Poison in Jest – John Dickson Carr (1932)

poisoninjest“No, no, they do but jest. Poison in jest. No offense i’ th’ world.”

I nearly started reading Poison in Jest this past summer, but a reliable source advised me to stash it for a cold winter’s day.  Well, it’s holding steady with a high of 12 degrees Fahrenheit this week, so I figured it was time to break the ice.

Released in 1932 – the same year as The Corpse in the Waxworks – Poison in Jest is set in the winter mountains of rural Pennsylvania.  The story has a tie to Carr’s previous four books in that it’s told from the point of view of Jeff Marle.  Henri Bencolin, the great French detective that Marle accompanied in earlier mysteries, is mentioned several times, but doesn’t make an appearance.  Instead, we find Marle on his own, called to the home of Judge Quayle to review a manuscript.

As soon as Marle arrives, it becomes clear that something is wrong in the house.  The judge hints that everyone is conspiring against him, and the members of his family all seem to be afraid of something.  The judge’s paranoia appears to be well founded when he succumbs to a poisoned glass of brandy, despite the bottle having been unopened and marked with a seal.

This isn’t an impossible poisoning though – the solution to how the poison was delivered is quickly discovered – in fact, the name of an early chapter plainly describes the mechanism.  The novel doesn’t feature an impossible crime as you might expect from Carr, instead focusing on a country house spiraling towards madness.  Jeff Marle finds himself in a large estate populated by a family silently at war with each other.  Each of the judge’s children seem to have reason to want him dead and it’s clear that there are a number of closely guarded secrets in the house.  By the stories end, there will be several additional poisonings along with a brutal act of physical violence.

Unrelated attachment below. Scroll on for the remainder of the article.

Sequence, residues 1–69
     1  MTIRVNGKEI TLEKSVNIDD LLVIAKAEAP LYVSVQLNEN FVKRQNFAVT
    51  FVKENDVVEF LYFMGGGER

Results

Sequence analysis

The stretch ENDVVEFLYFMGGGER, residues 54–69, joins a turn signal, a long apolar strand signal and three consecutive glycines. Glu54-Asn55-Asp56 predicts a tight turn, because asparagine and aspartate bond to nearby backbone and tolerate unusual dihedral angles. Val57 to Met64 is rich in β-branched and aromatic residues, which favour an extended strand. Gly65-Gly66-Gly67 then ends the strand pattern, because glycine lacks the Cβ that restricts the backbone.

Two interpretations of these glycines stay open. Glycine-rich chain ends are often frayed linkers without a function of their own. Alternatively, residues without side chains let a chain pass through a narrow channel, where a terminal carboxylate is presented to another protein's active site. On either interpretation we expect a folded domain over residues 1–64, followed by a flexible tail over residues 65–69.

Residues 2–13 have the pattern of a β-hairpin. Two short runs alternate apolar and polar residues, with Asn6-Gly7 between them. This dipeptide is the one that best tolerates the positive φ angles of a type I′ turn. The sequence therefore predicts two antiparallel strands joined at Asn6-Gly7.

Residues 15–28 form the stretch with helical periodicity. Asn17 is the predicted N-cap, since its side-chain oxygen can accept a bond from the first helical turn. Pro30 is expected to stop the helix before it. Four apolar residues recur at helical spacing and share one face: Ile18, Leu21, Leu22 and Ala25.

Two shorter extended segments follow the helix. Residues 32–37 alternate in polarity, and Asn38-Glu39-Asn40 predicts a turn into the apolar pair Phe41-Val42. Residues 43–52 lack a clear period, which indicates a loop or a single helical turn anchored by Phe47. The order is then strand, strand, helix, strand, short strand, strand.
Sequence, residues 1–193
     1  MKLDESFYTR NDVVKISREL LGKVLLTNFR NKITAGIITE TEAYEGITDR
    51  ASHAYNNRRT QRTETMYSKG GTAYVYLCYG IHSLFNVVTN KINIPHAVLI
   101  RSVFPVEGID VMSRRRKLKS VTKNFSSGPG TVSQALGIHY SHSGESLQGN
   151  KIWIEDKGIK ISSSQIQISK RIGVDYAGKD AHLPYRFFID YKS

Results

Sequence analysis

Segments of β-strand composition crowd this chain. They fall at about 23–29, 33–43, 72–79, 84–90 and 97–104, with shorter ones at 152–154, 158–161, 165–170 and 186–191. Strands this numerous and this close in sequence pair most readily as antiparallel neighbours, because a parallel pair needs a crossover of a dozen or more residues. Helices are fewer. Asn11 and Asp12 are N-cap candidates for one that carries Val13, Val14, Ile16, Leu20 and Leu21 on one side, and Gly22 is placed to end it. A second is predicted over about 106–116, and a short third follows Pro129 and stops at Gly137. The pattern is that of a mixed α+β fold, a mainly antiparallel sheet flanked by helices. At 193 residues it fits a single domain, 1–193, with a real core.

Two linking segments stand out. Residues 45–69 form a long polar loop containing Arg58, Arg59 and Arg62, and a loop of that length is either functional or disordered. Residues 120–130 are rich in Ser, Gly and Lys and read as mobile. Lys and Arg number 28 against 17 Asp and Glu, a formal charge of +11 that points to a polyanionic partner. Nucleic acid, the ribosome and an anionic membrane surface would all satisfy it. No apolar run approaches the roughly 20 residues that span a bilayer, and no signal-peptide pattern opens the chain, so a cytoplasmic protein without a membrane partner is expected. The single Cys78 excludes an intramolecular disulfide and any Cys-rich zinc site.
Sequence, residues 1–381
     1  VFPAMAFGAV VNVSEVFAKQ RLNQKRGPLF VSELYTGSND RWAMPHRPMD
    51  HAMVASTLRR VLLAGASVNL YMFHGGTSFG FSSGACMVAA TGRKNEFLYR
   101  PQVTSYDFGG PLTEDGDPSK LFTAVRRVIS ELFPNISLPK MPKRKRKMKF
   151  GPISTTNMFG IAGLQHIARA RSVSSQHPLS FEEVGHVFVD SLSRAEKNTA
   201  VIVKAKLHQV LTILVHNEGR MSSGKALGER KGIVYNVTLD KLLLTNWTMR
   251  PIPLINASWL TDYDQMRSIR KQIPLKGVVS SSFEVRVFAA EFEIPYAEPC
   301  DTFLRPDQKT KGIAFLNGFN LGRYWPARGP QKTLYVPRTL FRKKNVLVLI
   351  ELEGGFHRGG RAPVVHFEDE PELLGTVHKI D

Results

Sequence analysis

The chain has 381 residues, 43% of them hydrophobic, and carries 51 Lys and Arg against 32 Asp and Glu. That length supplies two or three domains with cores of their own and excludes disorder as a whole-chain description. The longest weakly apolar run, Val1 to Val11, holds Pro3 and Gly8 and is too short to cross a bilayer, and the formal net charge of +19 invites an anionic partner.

Poison in Jest is definitely a novel of transition for Carr as he reaches out beyond his staple detective of Bencolin to explore other directions.  Feel-wise, I’d place it somewhere between Castle Skull and The Bowstring Murders, but with a heavy dose of Agatha Christie’s Crooked House thrown in.  Jeff Marle finds himself declared the detective on scene due to his reputation of solving cases in Europe with Henri Bencolin.  He spends the book attempting to establish and confirm alibis for various household members and investigating additional mysteries as they crop up.

Where Carr falls short of Christie is that the characters aren’t nearly as well fleshed out as those in Crooked House.  There are more on hand than Carr typically deals with, and I found myself struggling to distinguish between the three daughters beyond the fact that one was pretty.  In terms of the toxic nature of the household, Carr wins out though.  This is one messed up family – they truly delight in the pain they inflict upon each other.

An interesting meta-mystery presented to the reader is who among the characters will actually play the role of the detective who solves the crime.  Will Marle finally solve a case, or will it be the family doctor who specializes in poison?  Or will it be the county detective, the inquisitive coroner, or the clumsy boyfriend of one of the daughters?  In all there are five characters that you can legitimately imagine solving the case, and one of the more interesting parts of the read was trying to figure out who would ultimately get to the truth.  My intrigue was fueled by the prologue of the book, which opens in Vienna with two unknown people reviewing the facts of the case in retrospect.

“We were both thinking of the vast jigsaw house where the murders were committed; of gas-lights, and a brandy bottle, and cellar stairs stained with blood.”